Cooler recipes: What’s cooler than being cool? These cocktails. – The Denver Post
By Rebekah Peppler, The New York Times
A cooler’s primary summertime function is written directly into the name: It cools. The style of drink — often a lower-in-alcohol combination of liqueur or fortified wine mixed with a carbonated beverage — is served long and tall over plenty of ice, with the promise of some relief from the heat.
Refreshing as it is to drink, a cooler is also a refreshingly easy cocktail to make.
The formula is loose and open to interpretation. A cooler is made with vermouth or sherry, port or gin, lengthened with soda water, or topped with dry tonic or fresh fruit juice. The ingredient list is often short and the method to the point: Pour right into the glass, nary a shaker or mixing glass in sight.
“Coolers are the best drinks for this weather,” said Margot Lecarpentier, a founder of Combat, a bar in Paris. She recommends beginning your cooling happy hour with a simple and satisfying combination: a wine-based aperitif (such as a dry red or blanc vermouth), soda water and a slice of citrus. “It’s not as sweet as a spritz and works every time,” she said.
Once you’ve mastered this combination, invite experimentation. According to Lecarpentier, coolers provide an excellent entry point to cocktail making. “Mixology can be mysterious and scary,” she said. “But with coolers, it’s easy.”
There are plenty of ways to switch things up. Pour a flavored tonic. Swap in one citrus for another, or add a splash of cider vinegar. Try a few dashes of bitters, like classic Angostura, celery, chocolate or persimmon. Or add a rim: Lecarpentier suggests playing with salt, sugar or spices — such as Tajín, smoked pepper or sumac — depending on the drink.
Consider adding salt directly to your cooler to highlight its flavors or temper sweetness. A pinch of flaky sea salt, a dash of Worcestershire sauce or a splash of brine from cornichons or olives all work wonders to take a drink from fine to delightfully drinkable.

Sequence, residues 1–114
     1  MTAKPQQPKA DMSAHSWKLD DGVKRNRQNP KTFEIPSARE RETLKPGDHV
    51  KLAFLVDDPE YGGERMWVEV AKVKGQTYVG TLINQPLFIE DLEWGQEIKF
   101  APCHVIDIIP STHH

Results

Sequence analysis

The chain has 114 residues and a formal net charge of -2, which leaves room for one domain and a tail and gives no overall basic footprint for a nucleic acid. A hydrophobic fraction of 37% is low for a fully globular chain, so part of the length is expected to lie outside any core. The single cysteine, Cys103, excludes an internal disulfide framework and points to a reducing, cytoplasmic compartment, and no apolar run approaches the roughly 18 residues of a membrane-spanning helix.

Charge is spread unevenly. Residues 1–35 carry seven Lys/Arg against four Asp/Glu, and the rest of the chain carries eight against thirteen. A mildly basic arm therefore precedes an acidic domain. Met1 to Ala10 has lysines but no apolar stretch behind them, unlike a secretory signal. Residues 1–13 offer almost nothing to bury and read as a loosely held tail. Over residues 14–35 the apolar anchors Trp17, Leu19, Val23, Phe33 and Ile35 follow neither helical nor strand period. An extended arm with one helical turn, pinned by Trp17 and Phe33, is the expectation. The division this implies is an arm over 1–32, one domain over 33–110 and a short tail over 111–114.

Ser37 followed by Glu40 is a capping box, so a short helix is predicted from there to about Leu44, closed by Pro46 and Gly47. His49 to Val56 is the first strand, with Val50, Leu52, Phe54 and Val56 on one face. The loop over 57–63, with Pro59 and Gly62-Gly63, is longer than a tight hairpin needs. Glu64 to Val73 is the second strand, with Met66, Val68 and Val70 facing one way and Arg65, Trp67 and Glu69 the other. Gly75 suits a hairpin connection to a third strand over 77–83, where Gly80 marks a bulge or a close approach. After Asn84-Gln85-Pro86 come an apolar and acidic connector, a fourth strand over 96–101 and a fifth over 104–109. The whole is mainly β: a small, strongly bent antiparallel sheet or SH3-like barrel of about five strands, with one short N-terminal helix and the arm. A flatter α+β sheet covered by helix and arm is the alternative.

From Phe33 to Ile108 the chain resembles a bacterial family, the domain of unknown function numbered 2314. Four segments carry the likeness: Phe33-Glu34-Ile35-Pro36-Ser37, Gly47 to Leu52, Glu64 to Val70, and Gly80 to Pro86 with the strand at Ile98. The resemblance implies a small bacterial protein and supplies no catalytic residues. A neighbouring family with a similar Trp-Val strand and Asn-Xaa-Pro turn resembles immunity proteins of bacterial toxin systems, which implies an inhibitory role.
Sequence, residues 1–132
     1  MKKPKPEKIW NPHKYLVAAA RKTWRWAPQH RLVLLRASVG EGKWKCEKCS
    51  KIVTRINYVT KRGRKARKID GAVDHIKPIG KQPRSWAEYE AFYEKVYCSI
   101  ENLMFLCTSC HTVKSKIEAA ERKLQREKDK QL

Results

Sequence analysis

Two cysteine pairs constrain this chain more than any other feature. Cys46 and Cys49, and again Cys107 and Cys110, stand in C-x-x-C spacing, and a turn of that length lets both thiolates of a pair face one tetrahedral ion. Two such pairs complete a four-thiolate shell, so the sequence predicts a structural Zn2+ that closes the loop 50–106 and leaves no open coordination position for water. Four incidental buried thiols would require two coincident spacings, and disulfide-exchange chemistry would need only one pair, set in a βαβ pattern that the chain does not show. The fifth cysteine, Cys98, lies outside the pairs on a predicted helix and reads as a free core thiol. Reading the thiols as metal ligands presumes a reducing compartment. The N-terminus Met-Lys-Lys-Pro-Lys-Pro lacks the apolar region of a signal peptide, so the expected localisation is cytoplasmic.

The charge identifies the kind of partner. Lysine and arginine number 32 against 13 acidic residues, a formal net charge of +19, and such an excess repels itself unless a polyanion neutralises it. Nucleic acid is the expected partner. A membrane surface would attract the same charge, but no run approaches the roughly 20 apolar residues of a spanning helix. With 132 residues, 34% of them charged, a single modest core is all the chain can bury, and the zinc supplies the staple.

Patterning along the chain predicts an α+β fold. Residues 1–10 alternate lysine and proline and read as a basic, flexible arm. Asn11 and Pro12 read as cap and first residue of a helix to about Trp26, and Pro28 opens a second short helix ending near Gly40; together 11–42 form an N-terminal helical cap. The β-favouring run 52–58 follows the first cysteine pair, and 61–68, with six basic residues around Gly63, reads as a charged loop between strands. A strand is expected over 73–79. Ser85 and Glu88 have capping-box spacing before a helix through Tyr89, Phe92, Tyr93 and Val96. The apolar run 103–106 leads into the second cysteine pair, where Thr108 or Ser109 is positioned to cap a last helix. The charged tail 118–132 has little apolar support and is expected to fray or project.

Even a final garnish can have a surprisingly strong effect. “You always have to think about the smell,” Lecarpentier said. “If you have a leaf of basil, it is so powerful at the nose you feel like you’re drinking it, but you’re just smelling it.” In a basil vermouth cooler, the fragrant herb is used not once but twice: first to infuse a bottle of dry vermouth and later as garnish.
You can also skip carbonation altogether and amplify a cocktail with juice. Lecarpentier often mixes fresh tomato, cucumber or pineapple juice into drinks; this watermelon-lime cooler combines fresh watermelon juice with bittersweet Lillet Rosé, gin, red bitter liqueur and lime juice.
For an aesthetically pleasing addition that is also functional, add slices of cucumber or citrus directly to the cocktail. A Porto cooler layers a bright display of lemon, lime and orange wheels around the inside of the glass. The longer the drink of white port, vermouth and tonic sits, the more intense the citrus flavor.
The summer heat can also slowly transform a cocktail built over ice. Ice from your own freezer rarely matches the quality of that in a professional bar, and so drinks mixed in the comfort of home can often dilute faster.
“The first sip isn’t going to taste like the last,” Lecarpentier said. “So I’m not scared of making drinks that are a little intense in the first sip because I know they’re going to evolve as you drink it.”
And, let’s face it, it is H-O-T outside. The cooler, in all its frigorific glory, offers icy relaxation. Refreshing to drink at every stage, the adaptable cooler should be considered this season’s long line of defense against the heat of late summer. You’re going to need it.
Recipe: Basil Vermouth Cooler
A double dose of basil — infused in dry vermouth and used as garnish — ensures this drink is fresh and herbal throughout. A splash of olive brine and a garnish with the olives add salinity and balance. Use the leftover basil-infused dry vermouth in a 50/50 martini, Vermouth Royale, a Fair Play or pour as is over a large ice cube and finish with a citrus twist. — By Rebekah Peppler